Just down the road from you in Tilsonburg, they’ve got a nice little yard in the middle of the town, too.
But you know what else is cool? Check the Ontario Baseball Association schedule in about May, find the various small town tournaments and simply drop by one, it’s a blast. You’ve got, I believe, Corunna and Strathroy up that way, I know they do a lot of stuff in Kingston and Ottawa; just pick one or two and spend a day watching games.
Q: Doug: You are right about what a mug's game it is to judge a specific trade.
Life is not linear. Especially the games in our lives. In baseball announcers sometimes say, "If he had not tried to steal and been thrown out then he would have scored on the next batter's triple". Really? MAYBE the next batter would not have seen the same pitch had the runner been on second base and therefore there would have been no triple. It is a logical fallacy to think we can know what would follow from a specific event had another course of action been taken.
On another score: Some of us have to make webcam presentations from time to time. What are the top lessons you have learned from your successful appearances in front of the computer webcam for Grunt TV?
Charles N, Toronto
A: I think “successful” may open for debate.
I’m still trying to figure it out, actually. I know looking directly into the camera works, it takes a bit of editing since you tend to look at the finger clicking it on before you speak. Getting the camera at eye level works best.
And lighting is big. A reading lamp just on the other side of the screen tends to work best, at least it does in this little escapade we’re trying.
Other than that? What I do is pretend I’m sitting on a stool talking to a friend rather than chatting into a laptop screen.
Well, that was some day.
I have to say, the number of notes and kind words and offers of condolences and sympathy was overwhelming.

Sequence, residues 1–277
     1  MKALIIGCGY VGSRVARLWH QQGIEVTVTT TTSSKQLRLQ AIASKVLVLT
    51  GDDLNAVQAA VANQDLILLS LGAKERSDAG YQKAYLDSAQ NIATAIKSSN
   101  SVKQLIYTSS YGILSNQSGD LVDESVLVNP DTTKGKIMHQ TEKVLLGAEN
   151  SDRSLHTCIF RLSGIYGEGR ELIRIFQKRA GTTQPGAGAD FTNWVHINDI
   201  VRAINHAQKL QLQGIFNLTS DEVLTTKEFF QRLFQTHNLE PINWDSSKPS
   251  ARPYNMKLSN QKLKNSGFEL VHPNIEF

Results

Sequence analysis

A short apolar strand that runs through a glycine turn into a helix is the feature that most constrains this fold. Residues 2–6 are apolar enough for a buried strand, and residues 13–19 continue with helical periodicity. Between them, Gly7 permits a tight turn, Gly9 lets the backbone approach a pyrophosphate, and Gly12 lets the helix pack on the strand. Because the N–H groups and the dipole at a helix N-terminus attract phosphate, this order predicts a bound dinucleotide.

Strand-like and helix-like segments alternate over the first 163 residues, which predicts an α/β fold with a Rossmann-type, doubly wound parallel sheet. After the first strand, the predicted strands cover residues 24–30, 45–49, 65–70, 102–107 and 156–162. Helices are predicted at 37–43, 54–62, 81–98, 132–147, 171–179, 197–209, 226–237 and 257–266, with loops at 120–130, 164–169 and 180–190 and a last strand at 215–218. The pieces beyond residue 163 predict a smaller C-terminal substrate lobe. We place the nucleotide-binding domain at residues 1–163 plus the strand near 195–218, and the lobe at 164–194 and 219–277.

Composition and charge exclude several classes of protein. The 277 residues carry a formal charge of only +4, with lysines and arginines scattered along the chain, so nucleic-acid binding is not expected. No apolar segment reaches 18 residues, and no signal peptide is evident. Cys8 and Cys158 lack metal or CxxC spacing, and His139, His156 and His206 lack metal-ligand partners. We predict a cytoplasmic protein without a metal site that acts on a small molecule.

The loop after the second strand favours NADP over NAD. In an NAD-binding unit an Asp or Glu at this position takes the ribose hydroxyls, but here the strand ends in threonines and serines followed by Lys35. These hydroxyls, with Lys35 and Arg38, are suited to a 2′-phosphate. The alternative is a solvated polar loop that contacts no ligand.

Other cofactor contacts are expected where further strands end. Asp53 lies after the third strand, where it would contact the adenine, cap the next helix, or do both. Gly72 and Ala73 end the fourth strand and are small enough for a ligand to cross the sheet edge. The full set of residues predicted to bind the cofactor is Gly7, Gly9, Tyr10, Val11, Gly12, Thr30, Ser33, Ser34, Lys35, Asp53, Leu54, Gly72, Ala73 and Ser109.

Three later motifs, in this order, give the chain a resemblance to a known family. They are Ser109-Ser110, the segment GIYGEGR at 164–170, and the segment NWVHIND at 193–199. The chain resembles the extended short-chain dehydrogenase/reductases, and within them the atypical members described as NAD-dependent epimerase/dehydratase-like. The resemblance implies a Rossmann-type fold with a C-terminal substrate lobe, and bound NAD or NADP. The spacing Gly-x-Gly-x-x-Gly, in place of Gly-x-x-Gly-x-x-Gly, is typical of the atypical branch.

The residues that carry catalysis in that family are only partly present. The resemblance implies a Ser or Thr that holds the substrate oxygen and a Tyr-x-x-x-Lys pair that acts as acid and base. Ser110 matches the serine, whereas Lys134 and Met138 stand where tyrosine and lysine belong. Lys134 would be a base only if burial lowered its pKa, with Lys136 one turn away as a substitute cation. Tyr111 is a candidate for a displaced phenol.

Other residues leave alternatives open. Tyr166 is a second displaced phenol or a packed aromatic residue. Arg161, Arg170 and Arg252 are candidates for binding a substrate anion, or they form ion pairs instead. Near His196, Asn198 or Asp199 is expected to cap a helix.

Really. Really overwhelming.
Please know that Super Family appreciates every single one of them.
And, since there won’t be a visitation until Monday and a Tuesday service, I guess you’ll have me to kick around for the weekend, although I’ve been entirely out of the loop for a day and cannot promise anything, you know, insightful or good.
Kind of like normal for some days, right?
(Now, I didn’t pay rapt attention to the goings on at The World’s Most Over-Rated Arena but I did see enough).
Maybe it was the dunk invite thing?
The one number that stuck out more than any other from the boxscore I looked at – and the thing I had to talk to people about in New York – was 14.
That’s the number of free throws DeMar DeRozan attempted (he made 11) and the coaches tell me they were mightily impressed with the aggressive nature of his game.
To which I say: “Where’s it been?”
Considering he’d only shot more than seven in a game once before (a dozen in that 146-point Atlanta nightmare) I think it’s fair to say we’ll need to see more of that before pronouncing him “arrived.”
But it did earn him those fourth quarter minutes everyone was hankering for and he looked pretty good.
I’ll say it again …
Who is that guy wearing No. 7? Sure, you’re going to get good shooting nights from Andrea Bargnani but even his harshest critics have to at least raise an eyebrow over his willingness to go inside and mix it up of late.
And coming off 17 rebounds in Indy and putting up a dozen against the Knicks?
The reason? Confidence. I have no idea why it’s taken this long to develop the feeling of relative invincibility that he seems to have but there’s just a greater level of, I don’t know if this is the right word, but “belonging” to him.